Mental Health Conditions


Complex Psychiatric Health Situations

Approved: February 5, 2009
Revised: June, 2014


Complex health situations arise when assessment, treatment or monitoring of a physician’s health condition is not straightforward. This is often the case when substance use or other psychiatric illness is present.

The psychiatrically-ill physician may come to the attention of the College in the following ways:

  1. Self report
  2. Concerns expressed by colleagues, nurses, or other health professionals.
  3. Concerns expressed by family and friends.
  4. Complaints or concerns expressed by the physician’s patients.
  5. Police or other authorities.

Physicians are often late in seeking help for psychiatric illness and may present late in the course of their illness. In rare circumstances, they may require urgent medical attention and may need to remove themselves temporarily from practice. As with any medical condition, early assessment and treatment benefits all involved and is encouraged. Physicians with psychiatric illness are generally able to return successfully to practice with appropriate support and monitoring.

Affective disorder, psychotic illness, metabolic or traumatic (organic) psychoses, and cognitive impairment can all cause significant disability if not actively diagnosed and treated.

Physicians treating other physicians have two at times competing responsibilities:

  • for the care of their physician-patients and
  • to ensure that their physician-patients are able to provide care safely to their patients.

The safety of the public takes precedence; thus, when a treating physician has concerns about the ability of the physician-patient to care safely for patients, it is recommended that the physician-patient be encouraged to self-report to the College so a risk assessment can be done and patient care is not compromised because of an ill physician. In the event that the physician patient refuses to do this, the treating physician is obligated to contact the College to have the situation with the physician assessed.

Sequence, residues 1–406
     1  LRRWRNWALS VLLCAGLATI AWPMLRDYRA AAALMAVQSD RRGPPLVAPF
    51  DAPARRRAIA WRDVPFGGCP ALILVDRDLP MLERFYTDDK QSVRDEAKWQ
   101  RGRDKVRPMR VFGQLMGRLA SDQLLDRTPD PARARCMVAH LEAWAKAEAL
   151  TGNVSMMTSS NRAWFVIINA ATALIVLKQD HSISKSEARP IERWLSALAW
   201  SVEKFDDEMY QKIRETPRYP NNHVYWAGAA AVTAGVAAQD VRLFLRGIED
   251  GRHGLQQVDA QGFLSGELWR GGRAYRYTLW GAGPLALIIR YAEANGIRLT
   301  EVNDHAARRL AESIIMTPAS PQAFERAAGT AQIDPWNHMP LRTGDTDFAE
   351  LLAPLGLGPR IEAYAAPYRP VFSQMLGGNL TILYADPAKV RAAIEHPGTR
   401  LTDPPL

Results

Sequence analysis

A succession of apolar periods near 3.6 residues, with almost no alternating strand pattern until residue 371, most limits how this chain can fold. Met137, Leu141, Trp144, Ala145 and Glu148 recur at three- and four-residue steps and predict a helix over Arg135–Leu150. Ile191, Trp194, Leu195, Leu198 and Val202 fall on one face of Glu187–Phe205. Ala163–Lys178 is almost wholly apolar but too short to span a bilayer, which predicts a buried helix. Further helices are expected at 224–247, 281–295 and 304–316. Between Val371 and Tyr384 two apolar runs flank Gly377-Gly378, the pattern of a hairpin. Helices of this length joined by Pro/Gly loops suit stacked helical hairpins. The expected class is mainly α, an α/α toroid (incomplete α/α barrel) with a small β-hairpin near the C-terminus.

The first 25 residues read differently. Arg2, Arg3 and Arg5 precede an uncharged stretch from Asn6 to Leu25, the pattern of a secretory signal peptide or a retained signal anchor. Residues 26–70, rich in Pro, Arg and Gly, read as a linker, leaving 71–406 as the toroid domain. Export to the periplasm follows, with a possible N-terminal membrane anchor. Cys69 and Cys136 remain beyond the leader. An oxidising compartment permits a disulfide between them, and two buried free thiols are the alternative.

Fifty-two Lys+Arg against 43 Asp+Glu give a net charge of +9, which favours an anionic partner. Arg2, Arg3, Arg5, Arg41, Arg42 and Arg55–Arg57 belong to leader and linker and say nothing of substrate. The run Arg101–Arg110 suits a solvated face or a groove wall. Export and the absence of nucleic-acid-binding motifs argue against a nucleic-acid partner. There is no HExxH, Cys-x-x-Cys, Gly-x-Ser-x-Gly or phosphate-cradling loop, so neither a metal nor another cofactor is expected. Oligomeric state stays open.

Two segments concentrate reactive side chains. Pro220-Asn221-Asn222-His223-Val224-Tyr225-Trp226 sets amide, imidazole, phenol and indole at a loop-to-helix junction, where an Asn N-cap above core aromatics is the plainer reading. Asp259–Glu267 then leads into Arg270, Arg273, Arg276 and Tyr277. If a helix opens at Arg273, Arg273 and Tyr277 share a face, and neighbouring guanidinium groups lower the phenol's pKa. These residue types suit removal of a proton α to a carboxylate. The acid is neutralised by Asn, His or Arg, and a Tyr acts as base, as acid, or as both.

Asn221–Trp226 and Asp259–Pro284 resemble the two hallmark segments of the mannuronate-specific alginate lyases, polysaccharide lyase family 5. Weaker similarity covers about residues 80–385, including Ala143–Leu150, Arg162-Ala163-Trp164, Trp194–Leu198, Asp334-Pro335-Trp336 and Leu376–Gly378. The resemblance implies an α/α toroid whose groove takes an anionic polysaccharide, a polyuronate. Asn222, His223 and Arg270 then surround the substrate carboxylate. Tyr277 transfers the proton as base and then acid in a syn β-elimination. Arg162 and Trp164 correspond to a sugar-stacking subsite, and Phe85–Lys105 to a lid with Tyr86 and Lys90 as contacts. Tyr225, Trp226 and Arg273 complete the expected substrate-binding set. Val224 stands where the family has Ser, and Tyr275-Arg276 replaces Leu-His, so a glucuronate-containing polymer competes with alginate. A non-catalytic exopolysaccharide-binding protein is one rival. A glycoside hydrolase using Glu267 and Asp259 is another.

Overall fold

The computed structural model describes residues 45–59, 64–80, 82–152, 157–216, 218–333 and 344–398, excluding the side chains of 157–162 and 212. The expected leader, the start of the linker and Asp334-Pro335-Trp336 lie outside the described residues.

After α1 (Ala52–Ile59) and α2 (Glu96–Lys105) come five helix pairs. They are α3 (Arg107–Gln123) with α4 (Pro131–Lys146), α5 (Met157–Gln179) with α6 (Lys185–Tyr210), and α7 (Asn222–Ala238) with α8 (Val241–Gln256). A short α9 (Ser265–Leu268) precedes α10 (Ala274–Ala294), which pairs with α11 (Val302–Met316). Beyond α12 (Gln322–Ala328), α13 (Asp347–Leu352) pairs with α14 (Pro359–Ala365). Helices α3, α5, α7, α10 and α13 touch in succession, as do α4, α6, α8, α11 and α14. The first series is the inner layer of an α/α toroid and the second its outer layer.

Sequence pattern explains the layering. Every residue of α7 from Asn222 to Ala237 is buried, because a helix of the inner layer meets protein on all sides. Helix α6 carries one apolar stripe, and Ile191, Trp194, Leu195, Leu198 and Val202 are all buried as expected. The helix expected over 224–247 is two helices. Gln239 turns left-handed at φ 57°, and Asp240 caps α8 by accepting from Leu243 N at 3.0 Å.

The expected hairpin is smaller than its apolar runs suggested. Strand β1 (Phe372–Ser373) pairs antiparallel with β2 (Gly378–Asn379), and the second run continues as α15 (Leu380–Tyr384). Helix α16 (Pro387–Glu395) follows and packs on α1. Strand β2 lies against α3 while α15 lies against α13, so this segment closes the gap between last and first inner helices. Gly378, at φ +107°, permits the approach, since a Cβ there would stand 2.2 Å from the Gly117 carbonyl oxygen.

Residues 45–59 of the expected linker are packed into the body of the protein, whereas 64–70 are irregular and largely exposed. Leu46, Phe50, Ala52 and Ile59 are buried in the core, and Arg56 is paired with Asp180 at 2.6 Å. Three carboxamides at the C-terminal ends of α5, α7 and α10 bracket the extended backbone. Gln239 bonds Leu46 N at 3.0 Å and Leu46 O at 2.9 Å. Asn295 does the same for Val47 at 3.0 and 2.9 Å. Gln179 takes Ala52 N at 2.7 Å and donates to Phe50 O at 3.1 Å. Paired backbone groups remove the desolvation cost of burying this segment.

Physicians, like other members of a community, can suffer from multiple medical conditions, including psychiatric. It is common for people to suffer from both a substance use disorder and other psychiatric and medical conditions; this is referred to as dual diagnosis. Physicians with multiple medical conditions will often require assessment and follow up over time to determine the complex interplay of each condition with their overall functioning and with their practice of medicine.

If the physician has been away from practice, the College may require an independent assessment prior to returning to work and will require reports from any treating physicians or therapists. The physician’s formal written consent to obtain personal health information will be requested.

The College may also impose practice restrictions based on the recommendation of assessors, treating professionals, or to ensure safety of the public.


Contact

Dr. Jeremy Beach, Assistant Registrar
780-969-4940 or 1-800-561-3899 ext. 4940 (in Canada)
Jeremy.Beach@cpsa.ab.ca

Leanne Minckler, Physician Health Advisor
780-969-4943 or 1-800-561-3899 ext. 4943 (in Canada)
Leanne.Minckler@cpsa.ab.ca